Municipal Utilities Commission OKs general manager employment agreement
WILLMAR -- The Willmar Municipal Utilities Commission has approved the employment agreement with Wesley Hompe as general manager.
Hompe, former staff electrical engineer and interim co-manager, was appointed general manager by the commission Aug. 27 to fill the vacancy created by the termination of former general manager Bruce Gomm earlier this year, but the employment agreement had yet to be finalized.
The commission had tabled the agreement at the Sept. 10 meeting because President Dave Baker said a few minor details needed to be addressed.
The commission's Labor Committee discussed and reviewed the agreement Sept. 14 and committee chair Matt Schrupp presented the six-page agreement to the commissioners on Monday for their approval.
Schrupp said the committee met with Hompe and received additional comment from Springsted Inc. employment consultant David Unmacht and City Attorney Robert Scott.
Agreement highlights include starting salary of $115,000 and days off and vacation time consistent with employee policy. Hompe currently owns and operates Hompe Engineering LLC, which the agreement says will not interfere with utility responsibilities and will not have any clients in common with Willmar Utilities.
The agreement calls for a performance evaluation after six months and annual evaluations thereafter. The agreement will pay membership dues and subscription fees to civic, governmental and professional organizations as are reasonably necessary and desirable for Hompe's participation.
The agreement provides payment of mileage for use of his private vehicle at the present IRS rate.
Also, the commission may terminate Hompe with cause or without cause by an affirmative vote of at least four members of the seven-member commission. If Hompe is terminated without cause, he will be entitled to six months of his current salary and continuation of his group insurance benefits for six months.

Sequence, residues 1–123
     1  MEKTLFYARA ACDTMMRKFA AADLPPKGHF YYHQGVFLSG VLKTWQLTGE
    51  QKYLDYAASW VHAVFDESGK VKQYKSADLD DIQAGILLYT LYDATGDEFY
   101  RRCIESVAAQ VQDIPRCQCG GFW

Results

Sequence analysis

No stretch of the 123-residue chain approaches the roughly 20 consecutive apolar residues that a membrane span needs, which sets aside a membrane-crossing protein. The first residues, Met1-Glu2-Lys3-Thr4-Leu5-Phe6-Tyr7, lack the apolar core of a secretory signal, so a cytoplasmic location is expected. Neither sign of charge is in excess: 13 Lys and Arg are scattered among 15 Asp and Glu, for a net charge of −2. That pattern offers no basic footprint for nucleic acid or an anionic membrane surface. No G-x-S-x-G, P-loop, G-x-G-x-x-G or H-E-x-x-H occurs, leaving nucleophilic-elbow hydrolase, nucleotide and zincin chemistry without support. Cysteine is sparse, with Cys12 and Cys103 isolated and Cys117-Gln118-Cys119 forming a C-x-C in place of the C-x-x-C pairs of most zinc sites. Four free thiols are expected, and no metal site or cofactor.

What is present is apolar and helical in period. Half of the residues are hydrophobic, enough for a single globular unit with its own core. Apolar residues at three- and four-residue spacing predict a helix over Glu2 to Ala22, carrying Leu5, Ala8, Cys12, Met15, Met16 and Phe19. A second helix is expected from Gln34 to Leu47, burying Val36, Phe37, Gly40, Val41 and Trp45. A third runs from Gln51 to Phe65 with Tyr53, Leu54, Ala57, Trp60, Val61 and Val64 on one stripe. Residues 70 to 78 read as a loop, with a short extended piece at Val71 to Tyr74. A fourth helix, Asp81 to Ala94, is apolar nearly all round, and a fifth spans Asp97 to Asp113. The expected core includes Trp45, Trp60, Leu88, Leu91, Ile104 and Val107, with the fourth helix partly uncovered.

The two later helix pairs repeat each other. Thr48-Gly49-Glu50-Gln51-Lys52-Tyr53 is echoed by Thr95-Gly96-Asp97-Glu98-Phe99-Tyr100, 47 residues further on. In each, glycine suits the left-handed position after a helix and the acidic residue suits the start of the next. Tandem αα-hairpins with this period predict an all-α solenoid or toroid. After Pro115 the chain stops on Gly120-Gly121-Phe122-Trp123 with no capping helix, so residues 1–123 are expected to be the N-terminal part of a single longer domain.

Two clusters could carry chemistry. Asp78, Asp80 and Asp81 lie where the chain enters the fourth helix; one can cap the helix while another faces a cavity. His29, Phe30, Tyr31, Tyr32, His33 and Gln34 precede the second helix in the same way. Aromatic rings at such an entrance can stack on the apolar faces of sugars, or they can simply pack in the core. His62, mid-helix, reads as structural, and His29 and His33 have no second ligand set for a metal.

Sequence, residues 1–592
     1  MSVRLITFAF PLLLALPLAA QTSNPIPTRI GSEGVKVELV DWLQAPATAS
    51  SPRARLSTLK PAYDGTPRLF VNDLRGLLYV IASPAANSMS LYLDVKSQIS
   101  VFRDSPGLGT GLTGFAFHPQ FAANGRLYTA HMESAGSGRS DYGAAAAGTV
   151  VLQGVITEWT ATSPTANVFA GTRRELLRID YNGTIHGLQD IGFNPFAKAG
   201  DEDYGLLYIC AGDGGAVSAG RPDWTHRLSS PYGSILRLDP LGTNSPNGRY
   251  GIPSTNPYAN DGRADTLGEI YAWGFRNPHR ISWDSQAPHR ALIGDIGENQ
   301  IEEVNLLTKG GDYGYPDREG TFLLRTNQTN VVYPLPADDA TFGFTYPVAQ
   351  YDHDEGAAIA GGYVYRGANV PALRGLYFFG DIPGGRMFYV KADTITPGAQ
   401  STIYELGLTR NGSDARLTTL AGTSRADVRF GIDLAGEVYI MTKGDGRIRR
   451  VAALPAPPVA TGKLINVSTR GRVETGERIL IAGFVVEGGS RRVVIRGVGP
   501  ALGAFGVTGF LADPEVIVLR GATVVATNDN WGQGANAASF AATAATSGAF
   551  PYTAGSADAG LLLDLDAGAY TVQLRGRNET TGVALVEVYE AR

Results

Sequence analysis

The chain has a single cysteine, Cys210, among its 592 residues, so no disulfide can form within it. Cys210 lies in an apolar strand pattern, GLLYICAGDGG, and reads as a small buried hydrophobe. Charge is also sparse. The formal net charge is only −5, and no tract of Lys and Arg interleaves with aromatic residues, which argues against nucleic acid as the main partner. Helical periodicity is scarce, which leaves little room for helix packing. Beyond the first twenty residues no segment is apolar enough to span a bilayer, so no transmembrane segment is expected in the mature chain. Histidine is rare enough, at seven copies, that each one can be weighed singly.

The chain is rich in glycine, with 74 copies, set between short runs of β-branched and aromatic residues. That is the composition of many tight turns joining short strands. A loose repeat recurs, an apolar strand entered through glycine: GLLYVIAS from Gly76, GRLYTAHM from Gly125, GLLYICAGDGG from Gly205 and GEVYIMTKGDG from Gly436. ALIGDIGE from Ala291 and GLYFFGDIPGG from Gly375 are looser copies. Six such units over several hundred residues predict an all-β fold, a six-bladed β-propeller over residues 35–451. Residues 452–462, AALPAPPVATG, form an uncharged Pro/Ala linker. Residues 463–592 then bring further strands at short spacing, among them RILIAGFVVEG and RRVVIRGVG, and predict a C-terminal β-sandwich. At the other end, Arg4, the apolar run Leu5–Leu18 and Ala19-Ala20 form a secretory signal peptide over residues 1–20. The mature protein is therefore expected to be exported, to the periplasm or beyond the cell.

Schrupp said the terms of the termination clause are standard and have been reviewed by several people. Baker said Scott had a chance to review the contract, and Scott said it looks fine.
The commission voted to take the agreement off the table and then voted to approve the agreement.
Baker thanked Hompe for working with the commission on the agreement.
"It was a very easy process and I think very fair for what we have,'' he said. Baker repeated Hompe will not receive a car allowance but will be reimbursed for actual work-related mileage.
Bruce DeBlieck, City Council liaison to the utility, asked if City Administrator Charlene Stevens had reviewed the agreement and Baker said Stevens had looked at it. Scott said Stevens wanted to make sure that he, as city attorney, had a chance to "weigh in'' before the agreement came to the commission for final approval.
In other business, Schrupp said the Labor Committee reviewed slight changes made to the job description for the director of finance position that will be vacant when Tess Stoffel, accounting supervisor, retires. The job description was previously approved by the commission.
Schrupp said Hompe has identified an outline for moving forward with that position.
Also, Schrupp said the Labor Committee discussed the question of whether Scott, whose law firm is in St. Paul, must be present at each commission meeting. Scott's firm was selected by the City Council in March to provide legal counsel after Rich Ronning, longtime city attorney, retired.
Scott has been present at the commission's twice-a-month meetings since his first meeting April 9. Schrupp said the committee felt Scott's participation is important, but the committee did not necessarily think that Scott needs to be in attendance at every meeting.
He said the committee recommended Scott attend via teleconference from his office. Baker recommended Scott be present, however, if a legal issue is coming before the commissioners.
Baker said he discussed the issue with Scott. Baker said having Scott drive to Willmar to attend many of the meetings "isn't necessarily prudent with our dollars.'' When meetings are called to order, the commission will make certain Scott is present and accounted for on the telephone, said Baker.
Commissioners favored the recommendation. Scott said he will provide whatever type of service the commission desires and however the commission wishes. Scott said the commission will save about $700 a month in travel time and mileage expenses by using teleconference.